Noel Conway vs Ministry of Justice

Noel Conway vs Ministry of Justice

Parliament hasn’t listened, so I'm going to court. I need your help to raise £30,000 towards my legal costs.

£49,580 raised of £50,000 stretch target 99 %
2383 supporters 14 days left
This project is using Flexible funding and will receive all pledges made by 1:21pm 7th April 2017

New stretch target


Thank you.
I'm blown away by your generosity, I've now raised £30,000 towards my legal costs. 

How much more can we raise?


The legal costs are likely to be much higher than £30,000 - so anything extra you can give will help my case.


Every donation doubled


An anonymous donor has generously offered to double every donation raised for a limited time...it would be amazing to see how much we can raise!

Anything you give will be used to fund the costs of the legal challenge to change the law on assisted dying - this could be our best chance ever to change the law.

Why is this case so important?


If my case is successful and the courts agree that the blanket ban on assisted dying contravenes my right to a private life they would make a declaration that the current law on assisted dying is incompatible with Human Rights law.

Depending on the detail of the judgment, it would require Parliament to give detailed consideration to how the law could be changed on assisted dying to bring it into line with human rights law.

A declaration by the Canadian Supreme Court following a similar case (Carter v. Canada) was the key driver of law change in Canada. As a result of the Supreme Court’s judgment in February 2015, the new Canadian government introduced assisted dying legislation in June 2016.

Parliament hasn’t listened, so I'm going to court


I have motor neurone disease (MND), and I know that I will soon die - the question is how?

My condition is incurable and terminal. It’s a relentless and merciless prognosis – eventually this disease will kill me.

I can’t change whats going to happen, I’m going to die anyway.

In the next few months I will ask the courts to declare that the blanket prohibition on assisted dying is contrary to my human rights.

Please help by donating towards my legal fund


The law is broken. With no option of assisted dying I have no control of how my life will end and many others suffer unnecessarily against their wishes. As someone who has always been in control of my life and taken responsibility for myself, I find this unacceptable.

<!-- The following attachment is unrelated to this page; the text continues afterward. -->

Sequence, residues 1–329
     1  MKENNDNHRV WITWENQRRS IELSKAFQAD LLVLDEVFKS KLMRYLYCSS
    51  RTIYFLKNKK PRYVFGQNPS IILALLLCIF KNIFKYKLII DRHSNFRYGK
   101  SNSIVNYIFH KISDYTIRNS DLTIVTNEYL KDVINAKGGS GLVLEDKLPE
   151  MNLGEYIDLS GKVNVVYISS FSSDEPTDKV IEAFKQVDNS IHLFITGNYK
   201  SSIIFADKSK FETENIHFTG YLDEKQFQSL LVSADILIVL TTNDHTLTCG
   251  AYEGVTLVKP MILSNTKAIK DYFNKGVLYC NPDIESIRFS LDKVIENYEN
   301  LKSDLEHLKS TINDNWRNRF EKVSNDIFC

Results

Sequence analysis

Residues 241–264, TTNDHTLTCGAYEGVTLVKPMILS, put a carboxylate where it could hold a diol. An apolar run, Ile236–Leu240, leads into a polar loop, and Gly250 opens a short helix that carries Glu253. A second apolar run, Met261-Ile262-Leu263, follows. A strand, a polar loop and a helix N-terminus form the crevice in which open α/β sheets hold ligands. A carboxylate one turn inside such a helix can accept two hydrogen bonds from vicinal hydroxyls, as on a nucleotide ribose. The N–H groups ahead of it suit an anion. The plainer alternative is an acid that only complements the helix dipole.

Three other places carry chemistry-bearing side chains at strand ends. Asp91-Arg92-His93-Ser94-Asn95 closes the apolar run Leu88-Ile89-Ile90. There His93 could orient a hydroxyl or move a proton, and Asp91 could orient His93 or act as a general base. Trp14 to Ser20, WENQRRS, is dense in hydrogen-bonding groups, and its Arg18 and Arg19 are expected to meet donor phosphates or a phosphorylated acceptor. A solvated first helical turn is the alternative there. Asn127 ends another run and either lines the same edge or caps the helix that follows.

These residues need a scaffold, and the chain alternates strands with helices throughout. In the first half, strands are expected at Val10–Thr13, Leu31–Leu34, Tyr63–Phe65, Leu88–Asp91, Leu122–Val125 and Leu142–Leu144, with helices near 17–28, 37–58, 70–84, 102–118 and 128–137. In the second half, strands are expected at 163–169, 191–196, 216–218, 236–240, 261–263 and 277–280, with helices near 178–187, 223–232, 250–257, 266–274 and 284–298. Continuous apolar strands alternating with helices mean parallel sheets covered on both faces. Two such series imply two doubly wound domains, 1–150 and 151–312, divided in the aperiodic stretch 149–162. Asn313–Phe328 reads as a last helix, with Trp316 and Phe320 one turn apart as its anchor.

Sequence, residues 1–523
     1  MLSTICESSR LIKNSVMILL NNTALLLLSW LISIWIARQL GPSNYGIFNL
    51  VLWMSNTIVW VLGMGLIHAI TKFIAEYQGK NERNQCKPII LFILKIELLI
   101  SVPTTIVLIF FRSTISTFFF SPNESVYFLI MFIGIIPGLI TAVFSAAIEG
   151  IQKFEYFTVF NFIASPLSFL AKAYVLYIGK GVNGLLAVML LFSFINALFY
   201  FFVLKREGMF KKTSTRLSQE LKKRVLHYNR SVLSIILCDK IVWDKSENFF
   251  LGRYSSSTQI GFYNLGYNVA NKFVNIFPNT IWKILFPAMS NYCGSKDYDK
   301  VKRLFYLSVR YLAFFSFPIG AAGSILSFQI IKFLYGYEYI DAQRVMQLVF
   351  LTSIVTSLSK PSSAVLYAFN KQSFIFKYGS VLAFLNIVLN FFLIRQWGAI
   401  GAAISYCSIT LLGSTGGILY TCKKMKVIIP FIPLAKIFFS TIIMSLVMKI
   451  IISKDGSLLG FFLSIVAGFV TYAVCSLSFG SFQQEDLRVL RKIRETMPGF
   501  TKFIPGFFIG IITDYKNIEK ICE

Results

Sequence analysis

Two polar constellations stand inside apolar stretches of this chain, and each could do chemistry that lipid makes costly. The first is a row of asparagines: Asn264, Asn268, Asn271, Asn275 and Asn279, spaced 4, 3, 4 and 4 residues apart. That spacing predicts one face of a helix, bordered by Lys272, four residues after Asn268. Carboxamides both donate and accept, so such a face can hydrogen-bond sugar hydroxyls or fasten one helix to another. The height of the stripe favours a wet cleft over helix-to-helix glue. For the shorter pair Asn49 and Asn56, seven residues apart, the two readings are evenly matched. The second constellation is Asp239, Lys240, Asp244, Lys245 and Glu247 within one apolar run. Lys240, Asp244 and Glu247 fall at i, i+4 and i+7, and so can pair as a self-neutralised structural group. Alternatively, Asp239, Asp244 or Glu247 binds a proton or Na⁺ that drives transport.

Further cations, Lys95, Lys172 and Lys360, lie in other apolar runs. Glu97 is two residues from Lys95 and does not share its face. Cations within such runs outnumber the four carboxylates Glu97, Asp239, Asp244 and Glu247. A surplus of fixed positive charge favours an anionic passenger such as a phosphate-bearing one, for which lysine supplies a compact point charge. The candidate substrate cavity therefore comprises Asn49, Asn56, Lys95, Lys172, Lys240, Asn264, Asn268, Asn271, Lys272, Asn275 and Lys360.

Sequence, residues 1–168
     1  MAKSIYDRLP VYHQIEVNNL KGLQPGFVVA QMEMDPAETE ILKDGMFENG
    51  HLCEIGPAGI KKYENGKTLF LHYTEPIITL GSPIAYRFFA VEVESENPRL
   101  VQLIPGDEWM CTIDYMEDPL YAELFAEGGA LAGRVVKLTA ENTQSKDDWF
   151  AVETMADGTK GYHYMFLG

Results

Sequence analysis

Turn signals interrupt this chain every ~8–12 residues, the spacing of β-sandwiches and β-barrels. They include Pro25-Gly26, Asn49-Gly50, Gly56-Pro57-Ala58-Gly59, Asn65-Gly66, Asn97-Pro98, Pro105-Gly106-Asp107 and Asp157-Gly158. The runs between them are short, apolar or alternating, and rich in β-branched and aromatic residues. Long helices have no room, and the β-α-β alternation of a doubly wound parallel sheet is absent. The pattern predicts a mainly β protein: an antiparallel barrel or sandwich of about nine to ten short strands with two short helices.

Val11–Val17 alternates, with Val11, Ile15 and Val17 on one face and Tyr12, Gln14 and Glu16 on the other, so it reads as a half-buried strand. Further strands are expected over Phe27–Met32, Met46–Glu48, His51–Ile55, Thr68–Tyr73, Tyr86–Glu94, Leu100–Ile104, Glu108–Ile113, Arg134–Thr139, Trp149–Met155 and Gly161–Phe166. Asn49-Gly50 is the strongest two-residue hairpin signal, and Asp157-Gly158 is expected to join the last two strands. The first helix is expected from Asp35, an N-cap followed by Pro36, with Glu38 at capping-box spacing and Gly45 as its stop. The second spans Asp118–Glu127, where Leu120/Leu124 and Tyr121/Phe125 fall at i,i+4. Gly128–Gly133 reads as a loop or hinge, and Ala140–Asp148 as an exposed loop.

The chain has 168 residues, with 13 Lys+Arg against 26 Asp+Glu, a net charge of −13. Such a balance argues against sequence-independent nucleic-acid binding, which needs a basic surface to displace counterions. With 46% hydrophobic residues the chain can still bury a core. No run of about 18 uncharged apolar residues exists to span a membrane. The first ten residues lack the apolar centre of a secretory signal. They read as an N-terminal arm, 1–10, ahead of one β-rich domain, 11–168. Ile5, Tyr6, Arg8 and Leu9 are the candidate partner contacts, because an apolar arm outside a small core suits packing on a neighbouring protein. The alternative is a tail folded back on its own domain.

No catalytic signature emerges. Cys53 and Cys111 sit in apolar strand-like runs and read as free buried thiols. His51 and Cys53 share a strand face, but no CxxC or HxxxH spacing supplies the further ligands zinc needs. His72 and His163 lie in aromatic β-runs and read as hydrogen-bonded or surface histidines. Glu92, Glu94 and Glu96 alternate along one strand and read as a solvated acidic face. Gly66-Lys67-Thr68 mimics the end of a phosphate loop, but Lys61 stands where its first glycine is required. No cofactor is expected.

Its a question of whether I die with or without suffering and on my own terms or not.


I believe it is a fundamental human right


If you do too, please donate to my legal fund and help me achieve a more compassionate law for us all.

I’m not just trying to change the law for myself. In fact even if my case is successful, it may not be in time for me. I want the law to change for the benefit of all dying people and for our country, so we can say we live in a land that offers people real choice when they face suffering at the end of life.

Why is this case so important?


If my case is successful and the courts agree that the blanket ban on assisted dying contravenes my right to a private life they would make a declaration that the current law on assisted dying is incompatible with Human Rights law.

Depending on the detail of the judgment, it would require Parliament to give detailed consideration to how the law could be changed on assisted dying to bring it into line with human rights law.

A declaration by the Canadian Supreme Court following a similar case (Carter v. Canada) was the key driver of law change in Canada. As a result of the Supreme Court’s judgment in February 2015, the new Canadian government introduced assisted dying legislation in June 2016.


Questions


With the support of Dignity in Dying, I have instructed lawyers to seek a judicial review. More details about the legal case can be found on their website.

Dignity in Dying campaigns for greater choice, control and access to services at the end of life. It advocates providing terminally ill adults with the option of an assisted death, within strict legal safeguards, and for universal access to high quality end-of-life care.